Next up, Glen Goodsell and Angela Dalenberg from Mayo Clinic talked about how Mayo handles material collection and processing and works to prevent contamination and infection. (Read a full case study on recycling at Mayo here.)
The Mayo Clinic is unique in that, in a sense, they are their own recycler, processing materials on-site in their own processing plant. Three recycling trucks make 50 dock stops per day, and the resulting materials are stored in the Mayo recycling center until they are sorted by full-time dedicated employees. Right now there are 13 categories of material being collected, sorted, and processed, and the facility has a baler and grinder on-site. The team is then able to sell their materials directly to end users for reuse. One point of pride for the Clinic is that staff turnover in the facility is extremely low, with many employees serving 20 or 30 years (or more!) in their roles, indicating a high level of satisfaction and engagement with their work.
The breakout groups focused on material flow and infection prevention reached a general consensus that this is an area where there are no easy answers. Even with a set-up as highly advanced as Mayo’s, the sheer volume and complexity of materials can be a challenge, as is finding sufficient space. Regarding infection prevention, giving that team a seat at the decision-making table can offer big insights, as is practicing inventory control as much as possible to prevent unnecessary contamination.
Vendor Relationships and Procurement + Recycling
Last but not least, Samantha McKeough discussed vendor relationships and procurement at HealthPartners. (Read a full case study on recycling at HealthPartners here.) One thing that’s made a difference to their program is being located in a state that is strongly pro-recycling and has enacted policies and regulations accordingly. (That’s not to say great results can’t come from less-receptive locations, but more to point to the hyper-local nature of healthcare recycling, and the need for every organization to take their own particular context into account and work within it.)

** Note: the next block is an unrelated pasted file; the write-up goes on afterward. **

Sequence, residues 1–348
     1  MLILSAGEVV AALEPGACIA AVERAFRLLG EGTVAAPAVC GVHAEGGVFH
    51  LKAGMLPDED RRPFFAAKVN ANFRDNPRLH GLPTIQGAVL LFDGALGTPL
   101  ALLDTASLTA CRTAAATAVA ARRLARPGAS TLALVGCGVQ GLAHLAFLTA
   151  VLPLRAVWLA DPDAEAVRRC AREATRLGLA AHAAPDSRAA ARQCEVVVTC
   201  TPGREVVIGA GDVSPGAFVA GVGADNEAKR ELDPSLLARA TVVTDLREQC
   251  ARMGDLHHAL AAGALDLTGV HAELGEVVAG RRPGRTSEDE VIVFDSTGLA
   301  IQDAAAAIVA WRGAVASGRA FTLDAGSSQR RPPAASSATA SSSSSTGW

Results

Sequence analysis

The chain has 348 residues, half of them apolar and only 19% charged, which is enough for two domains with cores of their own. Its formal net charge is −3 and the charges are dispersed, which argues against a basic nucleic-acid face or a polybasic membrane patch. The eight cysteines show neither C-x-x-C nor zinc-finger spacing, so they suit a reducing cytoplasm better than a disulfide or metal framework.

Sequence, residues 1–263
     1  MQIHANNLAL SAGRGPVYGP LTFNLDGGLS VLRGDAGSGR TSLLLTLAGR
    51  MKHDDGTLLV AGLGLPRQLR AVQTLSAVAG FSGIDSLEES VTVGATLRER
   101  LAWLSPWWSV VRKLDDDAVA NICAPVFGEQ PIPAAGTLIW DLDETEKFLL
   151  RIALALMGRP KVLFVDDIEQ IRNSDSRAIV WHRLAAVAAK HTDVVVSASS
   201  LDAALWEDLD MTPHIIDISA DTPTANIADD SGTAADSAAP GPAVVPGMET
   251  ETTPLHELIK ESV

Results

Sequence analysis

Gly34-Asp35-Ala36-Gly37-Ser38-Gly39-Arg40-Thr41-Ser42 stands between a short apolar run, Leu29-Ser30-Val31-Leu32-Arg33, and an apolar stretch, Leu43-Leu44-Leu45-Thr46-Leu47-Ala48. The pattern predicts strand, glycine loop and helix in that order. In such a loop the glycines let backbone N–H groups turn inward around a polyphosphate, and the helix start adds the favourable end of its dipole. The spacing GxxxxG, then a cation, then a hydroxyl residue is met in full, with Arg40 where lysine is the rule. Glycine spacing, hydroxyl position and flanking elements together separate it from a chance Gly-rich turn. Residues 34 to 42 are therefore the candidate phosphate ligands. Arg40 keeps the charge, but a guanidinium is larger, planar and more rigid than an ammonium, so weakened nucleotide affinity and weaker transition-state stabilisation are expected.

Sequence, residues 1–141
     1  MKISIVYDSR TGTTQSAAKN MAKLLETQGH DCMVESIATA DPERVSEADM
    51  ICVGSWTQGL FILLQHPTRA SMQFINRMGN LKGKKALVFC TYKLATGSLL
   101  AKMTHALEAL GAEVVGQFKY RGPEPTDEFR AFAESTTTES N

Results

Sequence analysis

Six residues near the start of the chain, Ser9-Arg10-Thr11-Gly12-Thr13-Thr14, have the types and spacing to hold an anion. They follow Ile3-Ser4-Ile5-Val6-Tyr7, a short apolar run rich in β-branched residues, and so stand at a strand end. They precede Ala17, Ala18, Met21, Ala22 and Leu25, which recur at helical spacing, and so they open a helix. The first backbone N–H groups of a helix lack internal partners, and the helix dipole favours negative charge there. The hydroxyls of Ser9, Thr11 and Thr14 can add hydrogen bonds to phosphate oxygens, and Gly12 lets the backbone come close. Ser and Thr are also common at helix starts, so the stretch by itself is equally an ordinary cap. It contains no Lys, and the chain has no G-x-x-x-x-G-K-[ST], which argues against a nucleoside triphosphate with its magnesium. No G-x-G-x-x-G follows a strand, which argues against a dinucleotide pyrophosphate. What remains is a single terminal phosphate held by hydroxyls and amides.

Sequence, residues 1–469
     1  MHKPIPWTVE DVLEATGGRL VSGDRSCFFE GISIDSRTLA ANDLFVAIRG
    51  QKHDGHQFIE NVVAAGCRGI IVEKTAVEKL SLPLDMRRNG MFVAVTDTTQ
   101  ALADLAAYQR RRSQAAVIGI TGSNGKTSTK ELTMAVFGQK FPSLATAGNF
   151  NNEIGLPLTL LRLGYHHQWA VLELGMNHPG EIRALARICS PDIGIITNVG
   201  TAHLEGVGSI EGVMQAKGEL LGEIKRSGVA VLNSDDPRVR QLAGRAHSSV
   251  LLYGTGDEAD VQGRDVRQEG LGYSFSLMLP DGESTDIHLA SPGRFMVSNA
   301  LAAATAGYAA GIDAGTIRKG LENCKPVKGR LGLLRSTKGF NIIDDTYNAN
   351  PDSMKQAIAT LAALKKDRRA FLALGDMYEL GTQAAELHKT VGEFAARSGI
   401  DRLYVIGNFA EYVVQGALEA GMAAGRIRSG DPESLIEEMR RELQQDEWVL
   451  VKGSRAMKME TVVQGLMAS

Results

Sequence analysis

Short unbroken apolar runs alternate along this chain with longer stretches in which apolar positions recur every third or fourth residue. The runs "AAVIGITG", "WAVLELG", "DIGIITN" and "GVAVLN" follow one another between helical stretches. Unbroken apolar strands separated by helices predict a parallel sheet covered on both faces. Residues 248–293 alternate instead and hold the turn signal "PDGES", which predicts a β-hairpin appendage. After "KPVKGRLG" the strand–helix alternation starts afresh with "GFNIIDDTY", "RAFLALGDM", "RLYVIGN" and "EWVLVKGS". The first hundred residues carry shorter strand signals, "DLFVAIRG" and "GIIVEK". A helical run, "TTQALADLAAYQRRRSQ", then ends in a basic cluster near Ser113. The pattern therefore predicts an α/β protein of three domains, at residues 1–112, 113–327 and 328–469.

When looking for partners, HealthPartners places a high value on transparency and strong relationships, and is always on the lookout for new ideas or creative partnership opportunities–for example, HealthPartners was able to donate blue wrap to a church group that made it into bags, which were then auctioned off to support a local charity.
The breakout sessions focused on procurement and vendors talked about the importance of including favorable contract language and terms in agreements from the beginning, and of considering who is enforcing those terms and how—knowing that all parties will be held accountable to the agreement is vital. It’s also important to consider that the view from corporate can be very different from individual facilities (see also the hyper-local nature of recycling) and that what can be seen as a win at one level can force concessions at another, such as with a corporate-mandated vendor. At the end of the day, the best bet is to align with procurement early and often, and keep those lines of communication open!
Making the Pieces Add Up For You
But the conversation doesn’t end here! Please check out hprc.org for more on each of these sessions, and for information about the projects and tools HPRC is working on to help support hospitals as they work through these challenges. More importantly, get in touch! Part of HPRC’s mission is to enable hospitals to learn from each other and make connections to help everyone recycle more healthcare plastics. We are committed to continuous dialogue and would love to hear YOUR story, even if it’s not all “rainbows and unicorns.”